City kid, raised by wolves.


BuK is an experiment in immersive film and autonomous exhibition.

One part traveling roadshow, one part drive-in cinema (with just a touch of dark ride), BuK is an itinerant road-side attraction crisscrossing the interstate system, stopping at any given location just long enough to satisfy demand.

It’s the story of a silent little boy named Eli Buk, his mother Ella, her partner Mina, and their two dogs - Remus and Romulus - making the mid-winter drive from New York City to a remote cabin in the Adirondacks.

Both experiential and deeply intimate, BuK employs a kind of inverse world-building. It’s immersive precisely because it’s directed inward, like the ‘world within a world’ summoned by a child in the backseat of a car.

BuK blends narrative, full dome projection, and experience design without abandoning the time-honored traditions of cinema: a good story well told to an audience assembled in the dark, their undivided attention focused on the big screen. The film is screened for an audience of four, seated in a station wagon as the story unfolds in 360 degrees, projected against the interior surface of a mobile ‘pop up’ geodesic dome.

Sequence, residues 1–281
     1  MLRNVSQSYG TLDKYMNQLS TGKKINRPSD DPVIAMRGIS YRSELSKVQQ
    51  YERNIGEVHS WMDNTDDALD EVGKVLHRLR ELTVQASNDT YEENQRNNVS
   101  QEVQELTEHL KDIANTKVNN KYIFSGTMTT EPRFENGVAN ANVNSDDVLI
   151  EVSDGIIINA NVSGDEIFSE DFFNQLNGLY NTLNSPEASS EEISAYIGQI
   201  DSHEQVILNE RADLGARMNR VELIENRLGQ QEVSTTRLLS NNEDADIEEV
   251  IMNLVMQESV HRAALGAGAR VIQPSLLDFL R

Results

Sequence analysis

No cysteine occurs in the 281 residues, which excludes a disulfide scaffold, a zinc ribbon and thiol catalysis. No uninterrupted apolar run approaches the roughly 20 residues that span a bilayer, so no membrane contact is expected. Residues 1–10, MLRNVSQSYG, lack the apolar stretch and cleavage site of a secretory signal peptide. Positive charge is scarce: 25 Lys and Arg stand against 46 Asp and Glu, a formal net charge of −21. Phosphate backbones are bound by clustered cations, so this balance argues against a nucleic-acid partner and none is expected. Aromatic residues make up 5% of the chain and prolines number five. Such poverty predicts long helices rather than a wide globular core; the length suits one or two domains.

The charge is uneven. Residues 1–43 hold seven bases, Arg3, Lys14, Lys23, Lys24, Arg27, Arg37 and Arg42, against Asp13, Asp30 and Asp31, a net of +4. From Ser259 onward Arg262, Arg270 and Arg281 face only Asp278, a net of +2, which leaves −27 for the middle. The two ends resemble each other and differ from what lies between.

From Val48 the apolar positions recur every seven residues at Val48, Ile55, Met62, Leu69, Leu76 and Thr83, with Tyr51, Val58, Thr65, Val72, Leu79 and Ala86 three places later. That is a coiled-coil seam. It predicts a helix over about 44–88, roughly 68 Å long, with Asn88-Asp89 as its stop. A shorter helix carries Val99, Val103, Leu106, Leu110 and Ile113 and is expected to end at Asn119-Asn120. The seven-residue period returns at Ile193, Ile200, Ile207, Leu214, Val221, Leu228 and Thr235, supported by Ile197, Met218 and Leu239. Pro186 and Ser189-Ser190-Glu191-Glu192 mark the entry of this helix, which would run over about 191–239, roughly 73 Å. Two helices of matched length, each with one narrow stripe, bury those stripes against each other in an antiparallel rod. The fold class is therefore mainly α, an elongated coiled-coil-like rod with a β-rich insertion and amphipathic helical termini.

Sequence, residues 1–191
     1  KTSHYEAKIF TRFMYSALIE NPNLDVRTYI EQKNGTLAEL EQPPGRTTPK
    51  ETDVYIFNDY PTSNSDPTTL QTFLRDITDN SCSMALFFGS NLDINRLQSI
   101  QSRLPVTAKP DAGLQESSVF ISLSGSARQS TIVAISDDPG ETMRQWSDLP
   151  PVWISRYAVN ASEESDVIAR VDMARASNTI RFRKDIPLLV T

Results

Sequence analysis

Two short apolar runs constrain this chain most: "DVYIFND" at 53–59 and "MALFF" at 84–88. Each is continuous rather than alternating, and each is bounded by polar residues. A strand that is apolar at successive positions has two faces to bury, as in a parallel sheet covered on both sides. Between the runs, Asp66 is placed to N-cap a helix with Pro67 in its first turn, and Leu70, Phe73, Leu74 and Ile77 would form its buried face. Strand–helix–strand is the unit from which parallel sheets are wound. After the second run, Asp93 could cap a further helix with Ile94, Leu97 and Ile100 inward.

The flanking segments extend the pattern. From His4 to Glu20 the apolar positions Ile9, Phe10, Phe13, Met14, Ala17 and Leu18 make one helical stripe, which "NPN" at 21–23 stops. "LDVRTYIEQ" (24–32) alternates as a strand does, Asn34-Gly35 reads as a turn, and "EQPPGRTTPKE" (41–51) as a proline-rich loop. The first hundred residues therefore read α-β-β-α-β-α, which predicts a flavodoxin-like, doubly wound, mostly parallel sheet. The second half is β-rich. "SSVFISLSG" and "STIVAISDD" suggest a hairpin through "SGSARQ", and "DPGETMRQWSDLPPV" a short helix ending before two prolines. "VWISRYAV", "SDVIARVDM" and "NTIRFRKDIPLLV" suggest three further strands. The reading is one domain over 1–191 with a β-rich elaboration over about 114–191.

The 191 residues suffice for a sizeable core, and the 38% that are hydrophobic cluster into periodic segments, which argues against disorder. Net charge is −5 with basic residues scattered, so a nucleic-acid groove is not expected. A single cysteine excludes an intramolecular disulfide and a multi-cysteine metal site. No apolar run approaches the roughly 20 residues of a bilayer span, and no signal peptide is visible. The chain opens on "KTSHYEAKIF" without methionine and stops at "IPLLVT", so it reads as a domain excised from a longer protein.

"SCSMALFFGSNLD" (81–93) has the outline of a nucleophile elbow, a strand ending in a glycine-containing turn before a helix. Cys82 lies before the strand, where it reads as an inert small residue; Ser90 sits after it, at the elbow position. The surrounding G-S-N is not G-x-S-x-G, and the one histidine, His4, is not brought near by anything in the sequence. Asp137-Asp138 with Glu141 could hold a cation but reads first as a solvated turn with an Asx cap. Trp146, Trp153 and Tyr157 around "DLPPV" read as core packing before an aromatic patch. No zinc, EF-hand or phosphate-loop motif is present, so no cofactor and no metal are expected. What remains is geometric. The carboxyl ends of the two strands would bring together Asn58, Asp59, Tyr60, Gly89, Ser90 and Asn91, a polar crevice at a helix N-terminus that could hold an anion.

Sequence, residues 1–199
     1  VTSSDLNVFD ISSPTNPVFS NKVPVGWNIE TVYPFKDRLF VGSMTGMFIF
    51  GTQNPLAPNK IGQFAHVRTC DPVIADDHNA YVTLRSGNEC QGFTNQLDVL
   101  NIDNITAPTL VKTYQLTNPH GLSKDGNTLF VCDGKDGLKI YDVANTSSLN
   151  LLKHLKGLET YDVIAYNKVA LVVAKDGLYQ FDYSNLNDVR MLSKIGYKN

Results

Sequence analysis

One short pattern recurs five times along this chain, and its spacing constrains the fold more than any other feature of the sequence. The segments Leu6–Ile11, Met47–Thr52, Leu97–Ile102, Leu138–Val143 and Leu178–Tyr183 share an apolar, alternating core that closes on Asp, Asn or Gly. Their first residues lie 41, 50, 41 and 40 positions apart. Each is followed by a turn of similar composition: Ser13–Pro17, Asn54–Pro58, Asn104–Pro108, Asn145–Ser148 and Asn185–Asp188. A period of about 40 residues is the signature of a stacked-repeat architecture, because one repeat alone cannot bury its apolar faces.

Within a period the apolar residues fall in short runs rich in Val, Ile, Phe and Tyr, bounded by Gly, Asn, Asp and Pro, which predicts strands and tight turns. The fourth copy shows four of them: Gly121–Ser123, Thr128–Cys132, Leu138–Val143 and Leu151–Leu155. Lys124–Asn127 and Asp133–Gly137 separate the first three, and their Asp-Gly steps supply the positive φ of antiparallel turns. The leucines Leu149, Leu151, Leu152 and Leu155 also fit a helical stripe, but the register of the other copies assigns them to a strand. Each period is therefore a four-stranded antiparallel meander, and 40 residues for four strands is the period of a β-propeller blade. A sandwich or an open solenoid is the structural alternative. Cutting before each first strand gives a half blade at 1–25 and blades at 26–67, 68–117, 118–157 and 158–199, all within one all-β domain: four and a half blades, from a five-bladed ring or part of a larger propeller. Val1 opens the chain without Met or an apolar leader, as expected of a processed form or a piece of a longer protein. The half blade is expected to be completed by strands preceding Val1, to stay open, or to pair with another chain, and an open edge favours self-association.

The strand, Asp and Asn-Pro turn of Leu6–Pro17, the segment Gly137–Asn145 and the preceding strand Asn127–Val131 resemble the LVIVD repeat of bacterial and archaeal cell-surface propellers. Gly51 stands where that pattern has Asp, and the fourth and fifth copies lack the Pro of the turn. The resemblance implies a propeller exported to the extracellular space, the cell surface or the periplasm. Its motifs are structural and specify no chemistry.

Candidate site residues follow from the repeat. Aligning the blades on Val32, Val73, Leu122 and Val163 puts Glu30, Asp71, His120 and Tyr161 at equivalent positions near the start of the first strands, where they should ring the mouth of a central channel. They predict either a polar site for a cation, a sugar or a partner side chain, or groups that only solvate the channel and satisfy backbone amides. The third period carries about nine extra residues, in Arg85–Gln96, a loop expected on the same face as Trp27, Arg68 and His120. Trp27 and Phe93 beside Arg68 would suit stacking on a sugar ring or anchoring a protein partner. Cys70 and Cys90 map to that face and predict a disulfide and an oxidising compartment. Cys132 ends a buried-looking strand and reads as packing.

Sound is delivered via the vehicle’s audio system, making subtle use of binaural audio: the metronomic “thwump-thwump” of the family car traveling a bleak highway at speed, its tires kissing the seams in the concrete beneath the asphalt; the terse “whomp” of a temporary rear window fashioned from duct tape and plastic drop cloth, buffeted by oncoming traffic; the disconcerting “crunch” of automotive sheet metal colliding with flesh and the fretting whine of a dog as someone steps out of the car to investigate the outcome of a deer-strike.


The film concludes with our characters reaching their Adirondack destination. The audience steps out of the station wagon and emerges from the fulldome theater needing a moment to get their bearings, having just experienced something like the body-knowing of a child asleep in a car, whose disorientation when roused is a groping to make sense of the space/time-between, a moving without motion.

The piece is reset, the next showing begins. It continues like this for as long as there are tickets to be sold at this particular engagement. Then, like a one-tent circus pulling up stakes, it’s time for BuK to move on. The projection surface is peeled away, the geodesic dome is broken down and packed into a trailer, the trailer hitched to the very same station wagon from which the audience views the film, and the little caravan is driven to the next location.